Antebellum Slavery/Control.Housing


Section review


Amanda Sell


African American family was central to every aspect of life. They often found comfort in each other. Whites had no respect for their families and would sell a child, parent or spouse, whenever the price was right. But even when slave children remained with parents, owners tended to neglect them and their needs. Henry Bibb, a former slave, wrote that many children die in the field or slave quarters because the mothers had no time to nurse them. On other plantations, elderly slave women took care of children until the age of five or six, when the children began work. By age ten they were working full-time (Time-Life, 33).

"The family must first be supported, and the slaves must be content with the surplus —and this, on a poor, old, worn out tobacco plantation, is often very small, and wholly inadequate to the comfortable sustenance of the hands, as they are called. In these wretched hovels were we penned at night, and fed by day; here were the children born and the sick neglected," ex-slave Charles Ball recollects. Eager to cash in on a booming trade business, slave owners pushed their slaves to reproduce after 1787. There became a sharply increased birthrate among slaves in the more settled states, followed years later by a slave increase in the new regions (Time-Life, 32)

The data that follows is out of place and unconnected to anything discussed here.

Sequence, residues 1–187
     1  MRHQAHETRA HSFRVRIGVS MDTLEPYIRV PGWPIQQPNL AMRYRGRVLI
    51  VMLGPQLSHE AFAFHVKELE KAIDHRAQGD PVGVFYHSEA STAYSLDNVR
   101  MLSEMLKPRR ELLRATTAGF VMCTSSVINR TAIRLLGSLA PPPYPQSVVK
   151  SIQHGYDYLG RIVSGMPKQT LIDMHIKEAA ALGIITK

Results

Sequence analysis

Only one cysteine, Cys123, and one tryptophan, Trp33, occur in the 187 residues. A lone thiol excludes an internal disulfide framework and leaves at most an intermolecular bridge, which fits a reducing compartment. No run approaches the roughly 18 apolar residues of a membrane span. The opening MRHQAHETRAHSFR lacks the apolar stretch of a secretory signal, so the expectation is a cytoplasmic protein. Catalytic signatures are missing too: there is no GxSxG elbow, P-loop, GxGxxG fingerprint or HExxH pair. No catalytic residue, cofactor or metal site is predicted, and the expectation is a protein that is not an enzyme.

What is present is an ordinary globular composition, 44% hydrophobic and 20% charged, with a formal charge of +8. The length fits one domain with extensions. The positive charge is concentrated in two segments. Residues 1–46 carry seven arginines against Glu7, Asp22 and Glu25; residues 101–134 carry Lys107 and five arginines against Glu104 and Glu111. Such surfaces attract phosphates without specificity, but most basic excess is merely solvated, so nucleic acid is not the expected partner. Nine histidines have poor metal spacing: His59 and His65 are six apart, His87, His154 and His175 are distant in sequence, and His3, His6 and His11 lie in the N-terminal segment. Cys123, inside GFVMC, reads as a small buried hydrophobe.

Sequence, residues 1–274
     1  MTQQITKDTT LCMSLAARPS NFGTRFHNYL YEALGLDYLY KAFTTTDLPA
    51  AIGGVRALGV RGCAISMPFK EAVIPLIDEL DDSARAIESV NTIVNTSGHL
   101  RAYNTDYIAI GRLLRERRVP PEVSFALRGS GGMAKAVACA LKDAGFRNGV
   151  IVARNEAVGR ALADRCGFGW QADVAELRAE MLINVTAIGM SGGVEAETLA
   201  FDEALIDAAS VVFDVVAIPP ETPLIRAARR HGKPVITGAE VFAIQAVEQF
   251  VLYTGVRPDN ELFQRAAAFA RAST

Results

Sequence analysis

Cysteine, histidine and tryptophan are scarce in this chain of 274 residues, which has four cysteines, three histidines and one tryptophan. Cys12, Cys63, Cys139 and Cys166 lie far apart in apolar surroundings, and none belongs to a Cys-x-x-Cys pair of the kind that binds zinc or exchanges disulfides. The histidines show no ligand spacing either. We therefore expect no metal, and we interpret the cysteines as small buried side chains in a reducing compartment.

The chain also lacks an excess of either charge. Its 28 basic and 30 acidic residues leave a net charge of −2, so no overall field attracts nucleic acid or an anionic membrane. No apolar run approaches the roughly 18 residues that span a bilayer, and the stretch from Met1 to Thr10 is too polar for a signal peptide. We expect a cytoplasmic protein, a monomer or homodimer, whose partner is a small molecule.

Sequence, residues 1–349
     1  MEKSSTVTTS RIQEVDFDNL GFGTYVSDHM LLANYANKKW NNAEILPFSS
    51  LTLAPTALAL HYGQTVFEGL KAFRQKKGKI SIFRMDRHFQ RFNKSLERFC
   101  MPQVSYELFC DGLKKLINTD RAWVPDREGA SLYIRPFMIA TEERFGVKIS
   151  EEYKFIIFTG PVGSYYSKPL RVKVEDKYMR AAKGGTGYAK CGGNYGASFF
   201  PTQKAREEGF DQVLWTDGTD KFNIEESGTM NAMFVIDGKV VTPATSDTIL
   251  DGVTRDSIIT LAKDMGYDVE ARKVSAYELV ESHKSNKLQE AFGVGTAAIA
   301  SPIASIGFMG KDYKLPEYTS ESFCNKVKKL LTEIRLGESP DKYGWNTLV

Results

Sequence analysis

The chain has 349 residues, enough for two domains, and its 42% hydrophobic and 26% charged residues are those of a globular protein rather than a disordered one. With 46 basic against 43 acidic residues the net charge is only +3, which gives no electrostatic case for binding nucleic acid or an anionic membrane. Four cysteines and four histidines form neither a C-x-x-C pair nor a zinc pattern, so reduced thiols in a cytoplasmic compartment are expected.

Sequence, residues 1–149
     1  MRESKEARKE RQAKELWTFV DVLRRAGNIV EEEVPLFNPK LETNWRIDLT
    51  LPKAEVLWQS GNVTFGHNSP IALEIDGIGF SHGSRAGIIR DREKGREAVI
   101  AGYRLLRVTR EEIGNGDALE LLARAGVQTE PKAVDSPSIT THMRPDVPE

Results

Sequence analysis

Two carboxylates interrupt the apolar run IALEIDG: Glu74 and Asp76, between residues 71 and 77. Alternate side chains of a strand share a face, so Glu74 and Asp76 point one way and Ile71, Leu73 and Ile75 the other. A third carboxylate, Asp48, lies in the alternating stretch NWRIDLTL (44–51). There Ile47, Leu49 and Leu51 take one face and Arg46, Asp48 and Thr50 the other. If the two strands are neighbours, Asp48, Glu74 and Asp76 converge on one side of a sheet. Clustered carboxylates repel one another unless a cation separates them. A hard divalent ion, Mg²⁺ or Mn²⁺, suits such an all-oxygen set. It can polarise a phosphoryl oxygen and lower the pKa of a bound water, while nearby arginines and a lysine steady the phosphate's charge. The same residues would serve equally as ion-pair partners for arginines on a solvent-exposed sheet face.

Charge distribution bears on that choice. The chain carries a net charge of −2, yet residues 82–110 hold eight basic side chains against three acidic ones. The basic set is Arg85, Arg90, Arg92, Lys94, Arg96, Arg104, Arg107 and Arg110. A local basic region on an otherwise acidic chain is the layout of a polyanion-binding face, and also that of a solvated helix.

Slaves were forced to witness abuse of family members and could not stop it. For slave women, the lack of power often resulted in sexual abuse by white men. They were frequent visitors to the slave quarters. Bearing a white man’s child was not unusual among slave women. Although most bi-racial children were not regarded any higher than their mothers were, some sexual relations grew to affection between slave and master. In some rare cases, masters publicly acknowledged their mistresses, and even left estates to them in their wills.

With a proper pass, slaves were allowed to visit friends on nearby plantations on Saturdays. Saturday nights were big social nights with dancing, singing and worship. Christmas time gave field slaves a few days off and greater freedoms, for most slave owners got into the spirit of the season.

Works Cited

African Americans: Voices of Triumph. Perseverance. Time-Life Books, VA. 1993.

Ball, Charles. Fifty Years in Chains. New York. 1858.

Drew, Benjamin. A North-Side View of Slavery. Boston. 1856.

Henson, Josiah. An Autobiography of the Rev. Josiah Henson. London. 1877.

Northrup, Solomon. Twelve Years a Slave: Narrative of Solomon

Northrup. Auburn, NY. 1853.

Stampp, Kenneth M. The Peculiar Institution: Slavery in the Antebellum South. Vintage Books, NY. 1956.

Works Consulted

Boyer, Paul S. The Enduring Vision: A History of the American People. D.C. Heath and Company, Mass. 1990

Gutman, Herbert G. Slavery and the Numbers Game: A Critique of Time on the Cross. University of Illinois Press, 1975

McDuffie, Jerome, Piggrem, Gary, Woodworth, Steven E. Advance Placement Examination in United States History. Research and Education Association, New Jersey 1994


Slave Family

Slave family

Father being sold away from his family

Father being
sold away

Father being sold away from his family

Christmas on
the plantation